The Five-Ton Life: Carbon, America, and the Culture That May Save Us (Our Sustainable Future)
Winner of the 2018 Nautilus Book Award, Silver, for Green Living/Sustainability
At nearly twenty tons per person, American carbon dioxide emissions are among the highest in the world. Not every American fits this statistic, however. Across the country there are urban neighborhoods, suburbs, rural areas, and commercial institutions that have drastically lower carbon footprints. These exceptional places, as it turns out, are neither “poor” nor technologically advanced. Their low emissions are due to culture.
In The Five-Ton Life, Susan Subak uses previously untapped sources to discover and explore various low-carbon locations. In Washington DC, Chicago suburbs, lower Manhattan, and Amish settlements in Lancaster County, Pennsylvania, she examines the built and social environment to discern the characteristics that contribute to lower greenhouse-gas emissions. The most decisive factors that decrease energy use are a commitment to small interiors and social cohesion, although each example exhibits its own dynamics and offers its own lessons for the rest of the country.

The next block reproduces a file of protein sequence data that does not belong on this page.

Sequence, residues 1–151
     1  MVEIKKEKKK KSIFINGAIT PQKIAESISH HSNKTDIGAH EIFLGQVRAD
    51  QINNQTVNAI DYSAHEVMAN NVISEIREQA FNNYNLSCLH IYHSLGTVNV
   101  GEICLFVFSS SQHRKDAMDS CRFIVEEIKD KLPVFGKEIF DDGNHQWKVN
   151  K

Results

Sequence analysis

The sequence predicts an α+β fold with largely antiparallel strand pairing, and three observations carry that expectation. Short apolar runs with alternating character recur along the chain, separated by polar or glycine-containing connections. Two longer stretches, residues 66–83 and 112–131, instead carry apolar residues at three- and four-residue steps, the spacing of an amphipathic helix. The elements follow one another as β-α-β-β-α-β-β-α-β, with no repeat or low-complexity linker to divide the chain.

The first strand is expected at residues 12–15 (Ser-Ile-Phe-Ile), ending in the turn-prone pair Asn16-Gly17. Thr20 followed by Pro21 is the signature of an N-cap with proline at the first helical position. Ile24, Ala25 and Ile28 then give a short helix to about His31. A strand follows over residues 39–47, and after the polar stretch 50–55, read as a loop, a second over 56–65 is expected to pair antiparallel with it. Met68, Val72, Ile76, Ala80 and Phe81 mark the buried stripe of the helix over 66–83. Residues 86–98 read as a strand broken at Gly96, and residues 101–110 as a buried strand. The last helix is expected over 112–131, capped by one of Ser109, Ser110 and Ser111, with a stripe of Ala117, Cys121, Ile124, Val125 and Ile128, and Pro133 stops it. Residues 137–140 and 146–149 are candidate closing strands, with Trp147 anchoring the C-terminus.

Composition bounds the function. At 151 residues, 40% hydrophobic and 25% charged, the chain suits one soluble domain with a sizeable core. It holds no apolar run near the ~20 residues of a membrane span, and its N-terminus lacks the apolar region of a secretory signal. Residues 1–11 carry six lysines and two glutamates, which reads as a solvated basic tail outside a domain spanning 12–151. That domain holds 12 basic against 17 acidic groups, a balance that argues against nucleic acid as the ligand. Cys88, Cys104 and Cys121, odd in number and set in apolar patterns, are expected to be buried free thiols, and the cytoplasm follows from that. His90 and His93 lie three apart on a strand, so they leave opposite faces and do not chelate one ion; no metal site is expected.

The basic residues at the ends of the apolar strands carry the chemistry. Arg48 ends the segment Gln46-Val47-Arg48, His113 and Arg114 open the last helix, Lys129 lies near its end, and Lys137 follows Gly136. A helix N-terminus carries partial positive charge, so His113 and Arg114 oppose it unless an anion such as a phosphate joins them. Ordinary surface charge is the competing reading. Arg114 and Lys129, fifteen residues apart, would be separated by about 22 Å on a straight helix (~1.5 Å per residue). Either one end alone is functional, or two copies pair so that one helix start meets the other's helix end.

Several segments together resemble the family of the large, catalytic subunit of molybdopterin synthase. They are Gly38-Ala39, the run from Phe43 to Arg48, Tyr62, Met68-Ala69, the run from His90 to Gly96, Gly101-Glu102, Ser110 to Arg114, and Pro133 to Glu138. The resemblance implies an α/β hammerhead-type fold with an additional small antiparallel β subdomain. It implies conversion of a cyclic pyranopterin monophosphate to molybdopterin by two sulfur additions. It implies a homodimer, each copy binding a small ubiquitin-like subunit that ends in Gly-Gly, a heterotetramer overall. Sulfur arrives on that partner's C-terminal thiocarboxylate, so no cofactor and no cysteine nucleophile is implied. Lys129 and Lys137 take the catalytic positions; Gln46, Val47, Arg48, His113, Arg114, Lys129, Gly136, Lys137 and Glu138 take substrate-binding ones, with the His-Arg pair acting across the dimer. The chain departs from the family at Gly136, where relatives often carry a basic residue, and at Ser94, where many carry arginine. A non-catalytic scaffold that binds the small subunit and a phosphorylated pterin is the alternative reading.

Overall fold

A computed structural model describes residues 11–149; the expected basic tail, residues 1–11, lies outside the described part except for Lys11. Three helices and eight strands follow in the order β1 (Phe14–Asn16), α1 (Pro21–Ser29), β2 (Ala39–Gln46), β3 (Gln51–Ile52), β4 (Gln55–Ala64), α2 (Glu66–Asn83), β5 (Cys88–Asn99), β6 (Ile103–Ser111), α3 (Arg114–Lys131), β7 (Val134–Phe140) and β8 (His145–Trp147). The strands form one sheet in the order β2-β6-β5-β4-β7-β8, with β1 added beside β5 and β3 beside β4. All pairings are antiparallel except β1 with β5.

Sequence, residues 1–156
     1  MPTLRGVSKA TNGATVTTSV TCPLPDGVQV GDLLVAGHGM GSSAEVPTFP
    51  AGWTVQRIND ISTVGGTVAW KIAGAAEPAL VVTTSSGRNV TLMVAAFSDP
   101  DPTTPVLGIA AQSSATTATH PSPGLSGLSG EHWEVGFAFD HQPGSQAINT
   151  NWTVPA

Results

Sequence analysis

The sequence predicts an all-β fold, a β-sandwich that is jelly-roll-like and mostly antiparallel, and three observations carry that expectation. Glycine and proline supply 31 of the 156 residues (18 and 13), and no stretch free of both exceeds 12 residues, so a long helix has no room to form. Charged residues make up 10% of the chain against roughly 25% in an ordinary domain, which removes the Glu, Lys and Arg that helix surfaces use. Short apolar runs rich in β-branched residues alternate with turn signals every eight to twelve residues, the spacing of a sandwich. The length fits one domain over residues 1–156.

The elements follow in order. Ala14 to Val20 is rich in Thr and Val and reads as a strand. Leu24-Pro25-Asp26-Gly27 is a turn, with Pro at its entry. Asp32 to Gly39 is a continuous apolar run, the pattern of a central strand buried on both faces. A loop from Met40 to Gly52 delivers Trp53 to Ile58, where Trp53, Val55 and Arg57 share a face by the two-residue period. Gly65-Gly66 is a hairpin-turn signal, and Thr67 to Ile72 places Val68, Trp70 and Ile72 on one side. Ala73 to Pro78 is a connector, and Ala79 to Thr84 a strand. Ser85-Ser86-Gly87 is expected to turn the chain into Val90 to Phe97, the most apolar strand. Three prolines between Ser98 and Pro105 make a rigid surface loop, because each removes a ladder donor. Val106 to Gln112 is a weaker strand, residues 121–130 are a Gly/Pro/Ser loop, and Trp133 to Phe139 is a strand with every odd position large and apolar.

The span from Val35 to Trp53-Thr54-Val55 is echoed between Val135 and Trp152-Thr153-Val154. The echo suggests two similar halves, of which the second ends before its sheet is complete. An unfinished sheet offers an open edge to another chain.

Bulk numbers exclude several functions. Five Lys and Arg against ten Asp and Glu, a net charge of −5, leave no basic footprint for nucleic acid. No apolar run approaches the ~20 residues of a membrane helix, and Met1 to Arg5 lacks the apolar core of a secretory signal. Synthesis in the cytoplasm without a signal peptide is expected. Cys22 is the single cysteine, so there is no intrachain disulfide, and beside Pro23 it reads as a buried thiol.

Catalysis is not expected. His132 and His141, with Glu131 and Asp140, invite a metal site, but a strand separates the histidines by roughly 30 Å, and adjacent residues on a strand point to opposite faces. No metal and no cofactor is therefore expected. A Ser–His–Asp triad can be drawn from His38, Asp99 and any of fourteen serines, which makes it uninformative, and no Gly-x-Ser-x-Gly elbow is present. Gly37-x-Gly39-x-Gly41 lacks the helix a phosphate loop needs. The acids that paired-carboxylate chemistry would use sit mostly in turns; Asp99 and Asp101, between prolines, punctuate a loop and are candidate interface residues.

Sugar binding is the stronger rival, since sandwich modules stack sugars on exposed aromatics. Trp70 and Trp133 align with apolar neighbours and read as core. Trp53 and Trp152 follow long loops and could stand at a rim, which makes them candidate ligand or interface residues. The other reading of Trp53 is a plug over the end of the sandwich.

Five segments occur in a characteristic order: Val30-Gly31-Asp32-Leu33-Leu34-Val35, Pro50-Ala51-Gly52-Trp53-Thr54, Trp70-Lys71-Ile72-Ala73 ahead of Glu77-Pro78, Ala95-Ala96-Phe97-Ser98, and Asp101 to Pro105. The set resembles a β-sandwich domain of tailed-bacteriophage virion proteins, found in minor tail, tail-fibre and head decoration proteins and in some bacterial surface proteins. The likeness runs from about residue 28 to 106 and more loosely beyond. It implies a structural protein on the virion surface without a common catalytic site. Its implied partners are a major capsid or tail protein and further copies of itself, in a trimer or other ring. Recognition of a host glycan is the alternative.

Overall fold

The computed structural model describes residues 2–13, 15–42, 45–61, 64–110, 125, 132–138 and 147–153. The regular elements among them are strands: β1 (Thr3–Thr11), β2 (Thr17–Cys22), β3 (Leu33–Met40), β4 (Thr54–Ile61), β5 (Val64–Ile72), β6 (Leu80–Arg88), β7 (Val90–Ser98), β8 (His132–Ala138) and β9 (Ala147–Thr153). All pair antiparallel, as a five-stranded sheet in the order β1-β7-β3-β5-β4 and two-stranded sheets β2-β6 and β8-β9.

Bringing a fresh approach to the quandary of American household consumption, Subak’s groundbreaking research provides many pathways toward a future that is inspiring and rooted in America’s own traditions.
Purchase the audio edition.
Praise for The Five-Ton Life: Carbon, America, and the Culture That May Save Us (Our Sustainable Future)
“Susan Subak focuses on looking to the past for a way forward into the future. It is a very interesting way to approach climate change and I think it is unique.”—Brett Favaro, author of The Carbon Code: How You Can Become a Climate Change Hero
“A wonderfully crafted book. While there are a zillion books produced on climate change, this book fills a crucial niche in terms of both content and style. Looking at cases of existing low carbon culture in the United States is very useful. It draws attention to various ways of living and conducting one’s life. It’s a great, very readable addition.”—Johannes Stripple, editor of Governing the Climate: New Approaches to Rationality, Power, and Politics